Academic journal article The Mississippi Quarterly

"It Aint Arkansas or No Real Place": Authenticity and Textuality in Barry Hannah's Post-South

Academic journal article The Mississippi Quarterly

"It Aint Arkansas or No Real Place": Authenticity and Textuality in Barry Hannah's Post-South

Article excerpt

BARRY HANNAH'S SHORT STORY "EVENING OF THE YARP: A REPORT BY Roonswent Dover," from Bats Out of Hell (1993), lends itself to analysis in the context of current debates about the viability of regional studies in a postmodern culture that would appear to question the very concept of the region as a useful means to understand contemporary fiction. In proposing that Hannah's story is quintessentially southern even while it problematizes the perniciously mediated ways in which the South is understood, I argue that the story offers a creative conceptual response to the impasse that a simple opposition between the regional and the postmodern appears to posit. Hannah's story is a subtle metafictional inquiry into the complex operation of various forms of mediation, but one that salvages an important vestigial idea of the real which is compelling and persuasive, even while it is mired in a profound preoccupation with the issue of the phony image. In this way the story is an ingenious proposal for having it both ways, acknowledging the South as image, while discovering something authentic in images.

The particular hermeneutical challenges of Hannah's fiction historicize it specifically in its late twentieth-century moment, when critics such as Brian McHale and Linda Hutcheon were disputing the nature of mimetic historical representation and emphasizing the newly "textual" nature of reality, having inherited Fredric Jameson's theoretical legacy. Hillel Schwartz's The Culture of the Copy, for example, interrogates the problems of authenticity, identity, and originality in a contemporary culture of simulacra. Meanwhile, others such as Roland Robertson, Robert Brinkmeyer, Edward Ayers, and Arjun Appadurai were emphasizing the concomitant infirmity of a foundational sense of place in a newly globalized culture of shifting geographical boundaries, a culture in which the very idea of regional authenticity was merely a simulated one.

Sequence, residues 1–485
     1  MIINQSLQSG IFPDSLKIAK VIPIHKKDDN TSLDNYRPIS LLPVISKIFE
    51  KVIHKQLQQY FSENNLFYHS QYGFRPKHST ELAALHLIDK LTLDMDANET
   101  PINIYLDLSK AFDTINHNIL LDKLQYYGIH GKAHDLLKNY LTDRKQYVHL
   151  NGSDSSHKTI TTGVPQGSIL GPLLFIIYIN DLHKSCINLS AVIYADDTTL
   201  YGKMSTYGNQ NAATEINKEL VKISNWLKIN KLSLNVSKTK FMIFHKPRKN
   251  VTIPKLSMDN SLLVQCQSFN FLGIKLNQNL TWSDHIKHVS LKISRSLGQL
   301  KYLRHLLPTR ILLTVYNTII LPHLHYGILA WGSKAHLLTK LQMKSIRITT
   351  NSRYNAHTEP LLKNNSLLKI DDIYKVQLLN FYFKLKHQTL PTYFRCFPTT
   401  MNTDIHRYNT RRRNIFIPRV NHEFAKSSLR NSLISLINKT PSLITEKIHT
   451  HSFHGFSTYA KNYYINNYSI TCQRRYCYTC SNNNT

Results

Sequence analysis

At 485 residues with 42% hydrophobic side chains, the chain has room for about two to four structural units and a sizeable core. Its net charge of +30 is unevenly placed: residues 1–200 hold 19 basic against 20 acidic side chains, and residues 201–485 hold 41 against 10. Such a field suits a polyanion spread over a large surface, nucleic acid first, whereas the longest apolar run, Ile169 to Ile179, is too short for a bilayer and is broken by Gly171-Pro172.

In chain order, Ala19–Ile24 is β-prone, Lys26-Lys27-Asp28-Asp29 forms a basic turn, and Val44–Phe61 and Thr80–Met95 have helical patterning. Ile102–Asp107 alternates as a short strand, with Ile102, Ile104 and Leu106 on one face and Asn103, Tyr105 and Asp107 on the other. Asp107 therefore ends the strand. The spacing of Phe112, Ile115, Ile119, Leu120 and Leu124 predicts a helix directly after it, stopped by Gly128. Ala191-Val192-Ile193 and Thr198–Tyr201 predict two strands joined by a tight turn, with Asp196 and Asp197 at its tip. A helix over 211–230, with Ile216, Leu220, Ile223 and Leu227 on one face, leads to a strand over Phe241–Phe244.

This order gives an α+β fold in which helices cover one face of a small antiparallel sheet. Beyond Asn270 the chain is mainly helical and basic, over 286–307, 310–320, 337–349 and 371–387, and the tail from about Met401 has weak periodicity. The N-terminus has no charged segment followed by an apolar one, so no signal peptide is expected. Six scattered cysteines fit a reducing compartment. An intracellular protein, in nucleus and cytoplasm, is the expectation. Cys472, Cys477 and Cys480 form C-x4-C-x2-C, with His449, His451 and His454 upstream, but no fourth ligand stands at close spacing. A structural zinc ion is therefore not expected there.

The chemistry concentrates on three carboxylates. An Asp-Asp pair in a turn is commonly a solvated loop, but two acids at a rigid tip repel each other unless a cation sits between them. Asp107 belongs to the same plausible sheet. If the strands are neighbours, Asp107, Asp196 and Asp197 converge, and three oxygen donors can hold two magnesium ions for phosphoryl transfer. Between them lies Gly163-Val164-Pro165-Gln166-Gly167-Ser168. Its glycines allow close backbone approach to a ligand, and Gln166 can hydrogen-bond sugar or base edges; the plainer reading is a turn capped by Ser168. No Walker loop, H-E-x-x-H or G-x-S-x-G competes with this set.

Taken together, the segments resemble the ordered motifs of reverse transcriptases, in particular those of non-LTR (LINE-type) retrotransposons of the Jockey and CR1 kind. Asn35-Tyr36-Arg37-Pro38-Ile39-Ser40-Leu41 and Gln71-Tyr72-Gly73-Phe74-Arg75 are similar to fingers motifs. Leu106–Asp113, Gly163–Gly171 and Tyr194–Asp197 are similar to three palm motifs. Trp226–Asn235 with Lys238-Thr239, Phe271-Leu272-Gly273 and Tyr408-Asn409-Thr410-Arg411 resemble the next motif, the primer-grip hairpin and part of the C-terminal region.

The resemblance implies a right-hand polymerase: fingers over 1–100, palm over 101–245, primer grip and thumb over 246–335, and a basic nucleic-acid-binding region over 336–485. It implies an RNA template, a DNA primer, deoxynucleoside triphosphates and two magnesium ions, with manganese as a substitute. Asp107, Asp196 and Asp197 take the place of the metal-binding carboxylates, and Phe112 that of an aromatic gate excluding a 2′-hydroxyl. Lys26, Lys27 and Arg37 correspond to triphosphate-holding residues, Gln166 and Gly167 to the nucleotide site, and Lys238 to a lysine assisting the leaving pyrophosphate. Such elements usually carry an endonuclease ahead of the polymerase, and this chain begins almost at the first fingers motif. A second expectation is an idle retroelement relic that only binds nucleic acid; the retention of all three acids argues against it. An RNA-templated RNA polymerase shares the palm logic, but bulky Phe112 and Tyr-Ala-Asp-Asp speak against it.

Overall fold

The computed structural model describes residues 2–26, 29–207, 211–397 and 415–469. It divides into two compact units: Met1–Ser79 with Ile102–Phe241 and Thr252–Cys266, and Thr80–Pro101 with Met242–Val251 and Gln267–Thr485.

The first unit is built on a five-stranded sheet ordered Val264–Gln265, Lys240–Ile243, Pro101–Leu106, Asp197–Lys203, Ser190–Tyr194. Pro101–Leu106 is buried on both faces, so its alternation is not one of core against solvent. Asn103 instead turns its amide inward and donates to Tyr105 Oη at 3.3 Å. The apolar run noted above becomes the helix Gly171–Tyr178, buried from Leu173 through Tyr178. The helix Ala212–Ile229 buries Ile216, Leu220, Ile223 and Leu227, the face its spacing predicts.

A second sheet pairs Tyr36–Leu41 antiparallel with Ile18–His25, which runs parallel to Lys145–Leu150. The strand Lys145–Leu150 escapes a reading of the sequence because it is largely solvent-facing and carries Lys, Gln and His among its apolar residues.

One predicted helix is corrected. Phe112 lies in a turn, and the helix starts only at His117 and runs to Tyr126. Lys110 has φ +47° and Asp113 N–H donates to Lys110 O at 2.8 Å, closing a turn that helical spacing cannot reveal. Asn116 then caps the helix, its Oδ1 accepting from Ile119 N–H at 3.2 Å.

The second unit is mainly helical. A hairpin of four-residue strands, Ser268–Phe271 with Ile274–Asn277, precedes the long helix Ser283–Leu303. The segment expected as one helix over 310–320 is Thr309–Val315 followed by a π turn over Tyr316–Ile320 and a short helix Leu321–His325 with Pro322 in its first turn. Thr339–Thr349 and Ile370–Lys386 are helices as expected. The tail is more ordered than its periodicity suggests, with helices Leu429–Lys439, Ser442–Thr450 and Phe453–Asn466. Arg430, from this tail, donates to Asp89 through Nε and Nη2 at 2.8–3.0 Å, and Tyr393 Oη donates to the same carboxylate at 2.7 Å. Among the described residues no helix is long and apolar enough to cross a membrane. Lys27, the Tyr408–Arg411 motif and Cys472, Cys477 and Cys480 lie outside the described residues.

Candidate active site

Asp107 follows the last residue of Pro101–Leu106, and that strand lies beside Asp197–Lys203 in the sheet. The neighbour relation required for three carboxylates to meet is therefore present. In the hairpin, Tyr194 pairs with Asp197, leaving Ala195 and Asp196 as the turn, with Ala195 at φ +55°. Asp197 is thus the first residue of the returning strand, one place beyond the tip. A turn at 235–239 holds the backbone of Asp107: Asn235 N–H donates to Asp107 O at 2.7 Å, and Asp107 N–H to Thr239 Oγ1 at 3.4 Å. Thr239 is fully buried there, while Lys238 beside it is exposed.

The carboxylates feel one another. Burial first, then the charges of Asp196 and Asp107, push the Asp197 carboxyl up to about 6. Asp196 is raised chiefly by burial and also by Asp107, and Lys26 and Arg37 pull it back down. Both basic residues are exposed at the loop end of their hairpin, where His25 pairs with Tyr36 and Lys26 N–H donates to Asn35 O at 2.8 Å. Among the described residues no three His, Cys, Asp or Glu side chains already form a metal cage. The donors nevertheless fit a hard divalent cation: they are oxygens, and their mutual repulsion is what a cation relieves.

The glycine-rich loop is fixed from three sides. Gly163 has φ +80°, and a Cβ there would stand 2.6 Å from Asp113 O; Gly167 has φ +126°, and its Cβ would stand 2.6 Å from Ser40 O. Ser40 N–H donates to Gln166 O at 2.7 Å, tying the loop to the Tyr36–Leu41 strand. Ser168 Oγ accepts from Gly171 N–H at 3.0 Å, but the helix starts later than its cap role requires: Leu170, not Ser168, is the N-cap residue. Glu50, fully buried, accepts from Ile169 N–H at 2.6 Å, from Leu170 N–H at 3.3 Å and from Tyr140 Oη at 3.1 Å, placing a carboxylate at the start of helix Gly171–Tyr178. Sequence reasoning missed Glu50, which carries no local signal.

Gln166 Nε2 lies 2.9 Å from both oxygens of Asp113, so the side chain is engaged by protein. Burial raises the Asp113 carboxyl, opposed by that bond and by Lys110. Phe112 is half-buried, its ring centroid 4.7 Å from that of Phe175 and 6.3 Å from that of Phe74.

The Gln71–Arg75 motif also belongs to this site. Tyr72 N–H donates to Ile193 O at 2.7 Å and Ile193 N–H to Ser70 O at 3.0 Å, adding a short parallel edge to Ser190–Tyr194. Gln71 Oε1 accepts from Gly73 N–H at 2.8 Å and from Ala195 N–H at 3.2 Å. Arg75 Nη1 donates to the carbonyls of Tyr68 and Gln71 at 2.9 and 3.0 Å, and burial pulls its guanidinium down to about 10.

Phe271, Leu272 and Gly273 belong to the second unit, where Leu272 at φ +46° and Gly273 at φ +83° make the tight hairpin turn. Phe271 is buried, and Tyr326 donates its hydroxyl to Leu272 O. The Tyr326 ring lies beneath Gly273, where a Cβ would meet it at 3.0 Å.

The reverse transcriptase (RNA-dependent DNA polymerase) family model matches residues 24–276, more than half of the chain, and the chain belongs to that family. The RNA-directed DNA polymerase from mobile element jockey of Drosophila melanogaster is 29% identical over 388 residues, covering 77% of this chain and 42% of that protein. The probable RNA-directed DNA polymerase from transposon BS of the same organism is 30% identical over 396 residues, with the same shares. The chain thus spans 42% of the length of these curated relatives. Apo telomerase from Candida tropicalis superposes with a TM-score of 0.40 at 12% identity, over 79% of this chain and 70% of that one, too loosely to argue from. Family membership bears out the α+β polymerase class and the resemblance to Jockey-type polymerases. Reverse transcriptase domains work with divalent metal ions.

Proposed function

Hutcheon's Narcissistic Narrative: The Metafictional Paradox demonstrates how the metafictional genre arose as a cultural response to this sense of textual contingency in which "All reality becomes [narrative,] a 'form of saying"' (xiv). Patricia Waugh describes the genre's central premise, that the inherent condition of language renders it fundamentally incapable of "passively reflect[ing] a coherent, meaningful and objective' world" (3). In another study, Hutcheon emphasizes the consequent fraudulence of any fiction which claims to "aspire to tell the truth' or "associate 'this truth with claims to empirical validation "' arguing instead that a contemporary sense of textual authenticity resides only m works which can be seen to "contest the ground of any claim to such (Poetics 123). Consequently, fiction that "most freely acknowledges its fictionality" may be the "most authentic and honest" kind (Narcissistic Narrative 49). This is the paradox of metafiction which remains inevitably, a referential genre which claims to tell stories about the world-simultaneously as its texts self-consciously "subvert[] [their] own referential illusion," as Mark Currie puts it (5). This tension is at the heart of Hannah's writing and produces some remarkable conceptual subtleties regarding "region" and "real."

Hannah's stories demand our interrogation of the concepts of the real the surreal, and the hyper-real, in which the distinctly Baudrillardian possibility manifests that conceptions of the real are (simply) a function of compelling aesthetic or textual practices. Here, our very idea of reality is a fictional, semantic, or linguistic one, which can only gesture toward some idea of the real but without representing it. After the 1960s especially, language was widely believed to have lost its incorporation of a simpler referential function to describe reality, introducing a radically new sense of the politics of representation in which questions of authenticity become principally textual ones. …

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